Moving along we arrive at the fourth part. The first technque covered is the Yum Chui which is practiced with lateral step.

The first level of skill in Yum Chui is the use of parry and punch with Yum Chui. This also trains how to line up the target, the biomechanics of generating power, how to punch like shooting an arrow.

A later level to focus on is how to step and strike as a response instead of having to parry, step and strike.

The second punch to be trained is the Chao Chui. This sequence is made up of two punches – Gwa Chui and Chao Chui. For the learning of basic mechanics of moving both punches are practiced as power strikes.

The next part of training is to use the Gwa Chui not just as a punch but as a clearing movement. For this purpose we can do the clearance forcefully or as a contact-pull-clear technique.

The third strike is the Sao Chui. The Sao Chui trains the body 6-harmonies in executing a power strike.

In Sao Chui we learn the importance of setting up before we try to strike. This is because a big circular strike takes a longer time to execute as compared to a linear strike.

To minimize exposure as we throw the Sao Chui we would set up the proper conditions first so that the training partner has a much smaller chance to hit us as we are moving in to do a Sao Chui.

Sao Chui is also an excellent vehicle to learn how to angle the body properly as we perform all the motions of this strike.

Chao Chui and Sao Chui are also practiced with a lateral step. Once we are familiar with them we will then add on diagonal stepping to the three strikes. We can then learn how to defend, avoid getting hit and then follow up by moving in to deliver our response.

Before we move on to sections four to six, we should learn how to use Yum Chui, Chao Chui and Sao Chui with the techniques in the sections that came before. In this way, even though we have less techniques, however, their combinations will expand our repertoire of techniques, basically being able to do more with less.

Decoding SKD Training Sequence No. 1 – Part 2

The next section, the third part, teaches how to lower your level by dropping down quickly by either opening up your stance and lowering yourself or just squat down.

As we do this we perform a parry with each hand. What is not obvious is that this is also a training on how to use the lowering of the body to generate a strong slap with the palm.

The movements then continue to what appears to be opening up the arms. This is training a low level back hand strike. When used as a technique we can also apply the back hand strike to the middle and high level. Performed continuously the parry and back hand strike is a one linked sequence technique. This section trains three levels of attack. The back hand can be substituted with a back fist in application.

The last part in the third section trains a movement that probes, control and open up the training partner’s guard. The first movement is a probe which also functions as an attack. If there is no guard then attack. If there is a guard then probe to find or elicit an opening. When an opening is found control it so that you can enter. The movement here also trains the opening sequence of a hidden stepping pattern.

Decoding SKD Training Sequence No. 1 – Part 1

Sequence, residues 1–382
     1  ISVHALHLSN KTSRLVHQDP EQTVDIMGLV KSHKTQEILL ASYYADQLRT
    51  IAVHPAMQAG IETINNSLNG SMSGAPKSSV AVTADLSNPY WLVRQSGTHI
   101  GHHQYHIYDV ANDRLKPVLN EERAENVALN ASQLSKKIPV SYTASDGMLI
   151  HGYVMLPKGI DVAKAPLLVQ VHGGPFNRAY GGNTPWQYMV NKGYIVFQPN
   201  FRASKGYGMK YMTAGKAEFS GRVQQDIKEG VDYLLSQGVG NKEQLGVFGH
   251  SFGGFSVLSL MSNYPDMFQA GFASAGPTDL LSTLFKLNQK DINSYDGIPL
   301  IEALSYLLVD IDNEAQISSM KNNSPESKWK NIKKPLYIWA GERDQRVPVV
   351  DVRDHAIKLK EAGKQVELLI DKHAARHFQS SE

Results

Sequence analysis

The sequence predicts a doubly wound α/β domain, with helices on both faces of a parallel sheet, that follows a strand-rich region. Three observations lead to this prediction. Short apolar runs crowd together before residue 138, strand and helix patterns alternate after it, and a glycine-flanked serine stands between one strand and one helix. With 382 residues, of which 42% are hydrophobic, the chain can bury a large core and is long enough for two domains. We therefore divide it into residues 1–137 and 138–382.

In SKD we mostly use simple drills to develop speed, strength, body movement and body intelligence. However, for learning how to change we use short sequences.

When we string together some of these drills and training sequences we have our Training Sequence No. 1. Our training sequence is not a locked down, not allowed to change, type of form.

Instead, we use the training sequence to begin our learning journey. The movements inside can be changed, modified, subtract or added to as our understanding and mastery changes. In this way we don’t have to keep learning more forms to learn new stuff.

The first part of Training Sequence No. 1 teaches basic strategy and change within the movements of the salutation. So when learning the salutation we can consider the usage of the 4 key movements from the aspect of long, mid and close range from striking to control via locking and throwing. We have also designed the movement to be iKali ready in that the techniques of iKali can be plugged into SKD movements easily with little or no need for modification.

The second part of the Training Sequence starts with the learning of how to stand and use the stance to generate power. The power generated is transmitted out through the arms by the use of natural swinging motion. For this learning we have three double arms swinging drills.

We could use just one arm swinging drill but we have three. The reason is because the arm swinging drills also teach basic attacking techniques and how to change between the three swinging strikes. Just before we begin the three swinging drills after the salutation we have a 6-movement sequence that teaches the workings of the 6 harmonies in governing direction when used in striking. This 6-movement sequence is meant to be used together with the three arm swinging movements.

The attributes that we want to develop with the 6-movement sequence and three arm swinging drills is fast, non-stop, circular striking using whipping power generated from the use of hip, waist, leg connection. The arms must be relaxed yet heavy like a whip, moving non-stop like water overcoming an obstacle.

To extend your understanding learn to use these techniques with the movements in the salutation. The salutation sequence has two obvious stepping movement and a hidden stepping. Breakdown the 6-movement sequence and three arm swinging drills into digestible movements and pair them individually or in combination with different parts of the salutation sequence. Drill the breakdowns until you can easily change between them, giving rise to spontaneous sequences that arise from the input you are getting from your training partner.